By choosing 86-year-old Piero Tosi, the Academy cleverly ticked off three boxes at once. First, they awarded another chronic near-misser – Tosi has five unsuccessful nominations. Second, they showed it’s not just about Hollywood – all five nominations were in foreign films (Tosi has never worked in an American movie – in fact, he’s reportedly never been to the US at all!). Third, they shone the rotating spotlight on one of the technical categories (last year, for instance, they recognized a stuntman; before that, make-up) – this year, costume design. Taking all that in the aggregate, it’s hard to see anyone objecting. Now, it’s also hard to see many people having strong pro-Tosi feelings: the costumes from Death in Venice are hardly the branch of world cinema most crying out for recognition. I already mentioned Deneuve, but how about still-living giants like Jacques Rivette and Alain Resnais? But given the presumed strategic underpinnings of the choice, I guess this was never going to be a Tosi vs. Rivette showdown.

Angelina Jolie

Finally, Angelina Jolie was chosen for the Jean Hersholt Humanitarian Award, given “to an individual in the motion picture industry whose humanitarian efforts have brought credit to the industry.” The citation refers to her as, among other things, an “impassioned advocate for humanitarian causes, traveling widely to promote organizations and social justice efforts such as the Prevent Sexual Violence Initiative.” Of course, Jolie is dramatically far from any old-timer status – she’s only 38. It’s remarkable, given her wild-child not-so-distant past, that she so rapidly remade herself as to be chosen for what is, in effect, the ultimate mark of class; held up as the most glittering embodiment of the industry’s grace and benevolence. For a point of comparison, Jerry Lewis spent decades as a passionate advocate for his chosen cause, but had to wait until he had one foot in the grave to receive the Hersholt award, probably because of the crass, if not creepy, aspects of his particular style of advocacy. The Academy’s vision for the award is best illustrated by its recent choice of Oprah Winfrey, even though she barely qualifies as “an individual in the motion picture industry.” It wouldn’t be such a surprise if, say, Kate Middleton received the award in the near future. Anyway, judged by that standard, Jolie appears to be a deserving winner, and it wouldn’t be a great surprise if her partner Brad Pitt (and for that matter, Clooney and Damon and the whole gang) picked up the same award in coming years.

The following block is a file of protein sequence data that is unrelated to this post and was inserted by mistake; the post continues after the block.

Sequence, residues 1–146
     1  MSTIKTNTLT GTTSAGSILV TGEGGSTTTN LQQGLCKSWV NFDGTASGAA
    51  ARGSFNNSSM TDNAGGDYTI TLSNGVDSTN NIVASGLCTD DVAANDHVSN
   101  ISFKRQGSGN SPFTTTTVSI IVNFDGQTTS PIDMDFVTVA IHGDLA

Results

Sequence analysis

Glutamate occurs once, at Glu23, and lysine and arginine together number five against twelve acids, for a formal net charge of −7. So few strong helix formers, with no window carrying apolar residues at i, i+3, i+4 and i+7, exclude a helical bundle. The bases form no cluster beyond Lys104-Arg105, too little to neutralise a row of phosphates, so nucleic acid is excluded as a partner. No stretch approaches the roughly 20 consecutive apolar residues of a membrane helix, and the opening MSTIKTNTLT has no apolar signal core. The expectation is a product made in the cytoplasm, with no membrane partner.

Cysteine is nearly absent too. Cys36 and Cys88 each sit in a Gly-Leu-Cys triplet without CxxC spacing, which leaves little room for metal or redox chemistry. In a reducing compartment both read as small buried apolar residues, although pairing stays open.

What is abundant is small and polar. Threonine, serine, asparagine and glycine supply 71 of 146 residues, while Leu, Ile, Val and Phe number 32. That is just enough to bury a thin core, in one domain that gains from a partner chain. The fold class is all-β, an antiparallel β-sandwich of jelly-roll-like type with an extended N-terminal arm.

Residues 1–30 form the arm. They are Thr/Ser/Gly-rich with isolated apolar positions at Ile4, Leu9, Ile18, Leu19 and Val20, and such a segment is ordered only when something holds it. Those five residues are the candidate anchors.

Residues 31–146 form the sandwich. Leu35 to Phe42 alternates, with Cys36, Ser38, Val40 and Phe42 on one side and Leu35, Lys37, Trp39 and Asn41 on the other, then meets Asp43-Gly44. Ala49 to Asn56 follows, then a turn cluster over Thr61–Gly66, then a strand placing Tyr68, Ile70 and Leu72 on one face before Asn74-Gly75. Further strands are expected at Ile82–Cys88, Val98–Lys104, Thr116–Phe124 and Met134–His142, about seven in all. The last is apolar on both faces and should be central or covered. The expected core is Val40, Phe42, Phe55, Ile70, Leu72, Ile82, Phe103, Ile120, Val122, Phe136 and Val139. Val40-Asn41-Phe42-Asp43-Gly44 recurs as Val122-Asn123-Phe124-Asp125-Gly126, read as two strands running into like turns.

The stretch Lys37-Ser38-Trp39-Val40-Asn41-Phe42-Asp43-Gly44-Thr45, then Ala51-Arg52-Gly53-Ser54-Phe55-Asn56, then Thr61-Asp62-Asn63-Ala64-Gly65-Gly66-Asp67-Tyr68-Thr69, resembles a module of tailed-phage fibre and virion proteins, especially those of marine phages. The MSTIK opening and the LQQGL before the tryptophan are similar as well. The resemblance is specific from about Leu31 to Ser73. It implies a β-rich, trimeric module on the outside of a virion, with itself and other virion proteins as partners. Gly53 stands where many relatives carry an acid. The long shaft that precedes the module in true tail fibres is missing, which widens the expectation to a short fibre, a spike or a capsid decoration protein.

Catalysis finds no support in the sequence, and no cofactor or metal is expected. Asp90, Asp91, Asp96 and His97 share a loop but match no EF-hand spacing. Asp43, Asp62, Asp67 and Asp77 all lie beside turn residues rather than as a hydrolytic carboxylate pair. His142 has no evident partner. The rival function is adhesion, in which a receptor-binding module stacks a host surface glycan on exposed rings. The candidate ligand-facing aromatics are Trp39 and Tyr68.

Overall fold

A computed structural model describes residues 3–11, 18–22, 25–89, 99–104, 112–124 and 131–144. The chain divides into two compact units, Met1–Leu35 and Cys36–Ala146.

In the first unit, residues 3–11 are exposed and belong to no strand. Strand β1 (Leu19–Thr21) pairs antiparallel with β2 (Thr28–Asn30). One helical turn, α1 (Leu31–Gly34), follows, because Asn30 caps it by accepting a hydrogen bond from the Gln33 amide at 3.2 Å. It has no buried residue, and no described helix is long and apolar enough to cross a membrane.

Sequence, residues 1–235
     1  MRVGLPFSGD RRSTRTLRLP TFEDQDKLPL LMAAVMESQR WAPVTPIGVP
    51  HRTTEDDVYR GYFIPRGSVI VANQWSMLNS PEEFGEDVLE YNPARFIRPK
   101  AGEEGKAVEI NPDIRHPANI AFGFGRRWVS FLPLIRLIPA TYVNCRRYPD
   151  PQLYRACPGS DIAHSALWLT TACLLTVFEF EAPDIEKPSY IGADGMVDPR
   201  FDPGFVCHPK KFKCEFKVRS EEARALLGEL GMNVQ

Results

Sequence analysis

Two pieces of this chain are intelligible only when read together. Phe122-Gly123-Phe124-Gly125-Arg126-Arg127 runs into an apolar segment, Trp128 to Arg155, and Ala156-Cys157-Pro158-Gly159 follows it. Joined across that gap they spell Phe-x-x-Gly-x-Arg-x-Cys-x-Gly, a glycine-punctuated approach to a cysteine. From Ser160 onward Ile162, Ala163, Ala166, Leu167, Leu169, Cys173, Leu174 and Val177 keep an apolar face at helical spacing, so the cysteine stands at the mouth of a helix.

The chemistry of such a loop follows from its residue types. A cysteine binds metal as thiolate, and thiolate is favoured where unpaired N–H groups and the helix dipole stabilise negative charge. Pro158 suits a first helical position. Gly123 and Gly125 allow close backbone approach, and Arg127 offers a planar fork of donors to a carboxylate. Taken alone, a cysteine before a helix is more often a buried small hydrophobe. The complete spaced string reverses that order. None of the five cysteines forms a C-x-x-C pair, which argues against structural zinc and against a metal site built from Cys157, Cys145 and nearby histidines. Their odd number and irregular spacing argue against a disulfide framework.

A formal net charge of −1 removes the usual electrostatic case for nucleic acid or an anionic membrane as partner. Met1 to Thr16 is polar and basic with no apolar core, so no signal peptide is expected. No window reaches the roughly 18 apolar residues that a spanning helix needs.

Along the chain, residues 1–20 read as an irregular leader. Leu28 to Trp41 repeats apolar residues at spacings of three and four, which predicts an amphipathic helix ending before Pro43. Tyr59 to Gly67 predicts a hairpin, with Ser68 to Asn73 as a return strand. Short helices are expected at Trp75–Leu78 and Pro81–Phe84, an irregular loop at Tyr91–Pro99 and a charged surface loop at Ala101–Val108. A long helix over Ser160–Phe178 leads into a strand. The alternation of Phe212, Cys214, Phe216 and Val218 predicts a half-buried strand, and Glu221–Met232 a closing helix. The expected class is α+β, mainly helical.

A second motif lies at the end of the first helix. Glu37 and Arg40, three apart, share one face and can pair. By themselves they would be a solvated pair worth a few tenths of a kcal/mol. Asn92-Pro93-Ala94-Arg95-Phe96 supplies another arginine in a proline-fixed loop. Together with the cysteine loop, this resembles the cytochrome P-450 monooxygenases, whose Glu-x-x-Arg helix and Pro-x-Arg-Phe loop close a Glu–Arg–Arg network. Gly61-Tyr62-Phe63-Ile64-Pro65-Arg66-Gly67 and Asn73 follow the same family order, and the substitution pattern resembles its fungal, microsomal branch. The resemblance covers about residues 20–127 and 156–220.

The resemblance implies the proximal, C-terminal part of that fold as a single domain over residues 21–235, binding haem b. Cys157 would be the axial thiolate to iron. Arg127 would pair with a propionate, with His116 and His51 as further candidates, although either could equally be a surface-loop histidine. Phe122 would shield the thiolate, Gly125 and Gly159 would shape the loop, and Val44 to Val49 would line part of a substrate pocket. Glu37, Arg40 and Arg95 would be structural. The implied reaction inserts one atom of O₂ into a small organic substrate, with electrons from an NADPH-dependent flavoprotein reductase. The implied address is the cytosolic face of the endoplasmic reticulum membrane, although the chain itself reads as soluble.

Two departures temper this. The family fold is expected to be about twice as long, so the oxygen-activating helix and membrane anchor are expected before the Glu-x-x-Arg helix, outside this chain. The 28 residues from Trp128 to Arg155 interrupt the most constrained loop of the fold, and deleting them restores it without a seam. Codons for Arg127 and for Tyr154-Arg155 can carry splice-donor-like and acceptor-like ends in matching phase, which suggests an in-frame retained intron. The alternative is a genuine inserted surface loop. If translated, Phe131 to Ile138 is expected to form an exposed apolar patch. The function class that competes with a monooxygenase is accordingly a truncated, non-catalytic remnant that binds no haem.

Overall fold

The Governors’ awards were presented at a banquet the other week, but sadly, that event is never televised, and reportedly is all the better for it: we just get brief extracts during the main ceremony in February, as a respite from the eye-rolling choices in regular categories and the time-filling contrivances. Writing on this same topic a couple of years ago, I evoked the joke about how the title of “World’s oldest person” must be jinxed because the recipients never seem to live for very long afterwards. Maybe a couple of this year’s choices indicate a reluctance to get stuck in that morbid territory, which is fair enough. Still, if you think of “people with Oscars” as the world’s most exclusive movie club, it’s one in which veterans like Paul Mazursky, David Lynch, Gena Rowlands, Max von Sydow, Liv Ullmann, Jeanne Moreau, Harvey Keitel, Nick Nolte, Harry Dean Stanton (yeah!) and our own Donald Sutherland deserve to spend a few of their golden years, so that’s what I’ll be rooting for. Once they’re all in the club, I’ll start rooting for Kate Middleton.

Thursday, November 21, 2013

Movies I haven't seen